Something that has always interested me about people who are charismatic is how often they turn out to be evil. In school, we all learn this about dictators–watch film of them mesmerizing crowds with their fiery speeches, leading ordinary folks to do extraordinary things, often foolish or downright horrifying. Why does this happen? And how are we all so blinded by these leaders?
In her book The Sociopath Next Door, Martha Stout, who has a Ph.D. in clinical psychology, provides her readers with an answer. Equally interesting is her proposition that the type of brain that leads someone to be a megalomaniacal leader or a serial killer is also the type of brain that makes someone with lesser goals use others to serve their own purposes. In fact, she contends that one in every twenty-five people is a sociopath.
A sociopath (someone with ‘antisocial personality disorder’), as defined here, is someone without a conscience. S/he has no empathy or feelings for any living thing. So–there’s no way to shame that person or make her feel guilty. But like the exciting political leader, these seemingly ordinary men and women have ‘leadership’ traits. They are charming–as long as you don’t know them too well. They are also so spontaneous and sexy that others are easily attracted to them. But once they have others under their spell, they use and abuse them–sometimes physically, often emotionally and psychologically. Because they start out being so charming, it takes the victim a long time to realize the kind of person she is dealing with. No one wants to believe that someone they know is completely unscrupulous.
Coming to terms with a sociopath is strange for other reasons as well. Stout discusses how their brains are unlike the average person’s–and that they are born with their inability to feel anything (except, for some reason, glee at harming others). With this being so, are they responsible for their behavior? Nurturing–or lack of nurturing–appears to have some effect on their behavior. Loving parents and friends can’t make a sociopath care about others, but lack of care and structure can make their behaviors worse. Stout tells us we should be grateful that we are born with empathy and shows how much it adds to our daily life and happiness.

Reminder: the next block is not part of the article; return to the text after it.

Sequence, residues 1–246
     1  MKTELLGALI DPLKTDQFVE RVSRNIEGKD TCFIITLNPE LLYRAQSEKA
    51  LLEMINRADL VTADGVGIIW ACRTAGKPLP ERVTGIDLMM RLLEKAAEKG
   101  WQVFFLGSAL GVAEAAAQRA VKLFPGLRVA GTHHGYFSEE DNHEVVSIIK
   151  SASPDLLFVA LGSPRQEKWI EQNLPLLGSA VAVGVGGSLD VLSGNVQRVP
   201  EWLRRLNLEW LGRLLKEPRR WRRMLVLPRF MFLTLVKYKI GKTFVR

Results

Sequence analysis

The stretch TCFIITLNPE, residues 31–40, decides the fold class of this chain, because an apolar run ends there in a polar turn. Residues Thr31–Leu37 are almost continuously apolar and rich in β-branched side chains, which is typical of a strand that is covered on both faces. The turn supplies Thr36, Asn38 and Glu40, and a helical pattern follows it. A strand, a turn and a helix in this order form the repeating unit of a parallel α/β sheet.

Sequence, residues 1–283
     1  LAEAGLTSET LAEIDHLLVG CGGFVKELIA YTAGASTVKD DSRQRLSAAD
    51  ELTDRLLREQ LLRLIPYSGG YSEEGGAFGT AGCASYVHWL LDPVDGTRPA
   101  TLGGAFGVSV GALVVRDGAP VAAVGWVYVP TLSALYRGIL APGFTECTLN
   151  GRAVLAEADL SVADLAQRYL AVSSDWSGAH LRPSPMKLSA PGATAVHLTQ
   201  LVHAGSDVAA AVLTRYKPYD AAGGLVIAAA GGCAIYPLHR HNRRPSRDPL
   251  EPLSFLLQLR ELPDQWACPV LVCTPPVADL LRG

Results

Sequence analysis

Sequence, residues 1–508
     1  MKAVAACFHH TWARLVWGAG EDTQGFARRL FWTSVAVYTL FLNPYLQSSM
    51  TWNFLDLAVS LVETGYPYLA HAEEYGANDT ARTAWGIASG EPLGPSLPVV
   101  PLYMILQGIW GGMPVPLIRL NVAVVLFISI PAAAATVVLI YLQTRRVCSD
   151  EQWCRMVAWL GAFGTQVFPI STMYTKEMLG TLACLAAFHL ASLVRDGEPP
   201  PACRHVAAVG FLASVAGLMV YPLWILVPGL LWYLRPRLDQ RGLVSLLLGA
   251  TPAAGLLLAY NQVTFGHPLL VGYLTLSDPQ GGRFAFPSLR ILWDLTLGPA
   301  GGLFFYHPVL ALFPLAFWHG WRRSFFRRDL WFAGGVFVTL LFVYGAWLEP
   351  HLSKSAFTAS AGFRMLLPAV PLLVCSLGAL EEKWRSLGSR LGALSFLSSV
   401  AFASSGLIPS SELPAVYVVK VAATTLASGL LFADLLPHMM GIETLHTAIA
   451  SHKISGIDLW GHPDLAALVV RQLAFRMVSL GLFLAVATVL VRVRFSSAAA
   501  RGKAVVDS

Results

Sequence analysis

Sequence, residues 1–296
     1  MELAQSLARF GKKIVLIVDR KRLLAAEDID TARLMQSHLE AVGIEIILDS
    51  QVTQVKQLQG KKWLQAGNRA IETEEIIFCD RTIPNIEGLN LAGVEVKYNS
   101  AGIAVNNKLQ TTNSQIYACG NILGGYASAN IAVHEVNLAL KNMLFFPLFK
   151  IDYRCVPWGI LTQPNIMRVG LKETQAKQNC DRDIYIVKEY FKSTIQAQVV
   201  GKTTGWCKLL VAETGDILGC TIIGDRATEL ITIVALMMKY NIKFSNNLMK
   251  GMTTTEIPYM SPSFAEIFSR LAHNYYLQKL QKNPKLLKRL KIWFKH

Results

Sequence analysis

High school housekeeping: This is a quick read of a few hundred pages. Although an adult book, The Sociopath Next Door has great appeal to high school students. It’s a good nonfiction choice (Common Core) because Stout gives the reader several examples of sociopaths in everyday life and work places as well as examples of behaviors that indicate antisocial personality disorder (tortures animals or did so as a child; demands sadistic, torturous sex; throws decent coworkers under the bus for the pleasure of doing so; and many more). She has thirteen rules for defending yourself against a sociopath. Her ‘rule of threes’ is a good life skill to practice even if the people you are dealing with are not sociopaths, but merely narcissistic. Someone can lie or hurt you once and be forgiven, But if someone messes with you three times–and when a sociopath does this, s/he will ask you for pity (it’s all about him or her!)–you are done with that person. Trust your instincts even if the other person has authority. And read this book for a clear picture of how to keep someone without a conscience from messing with your well being.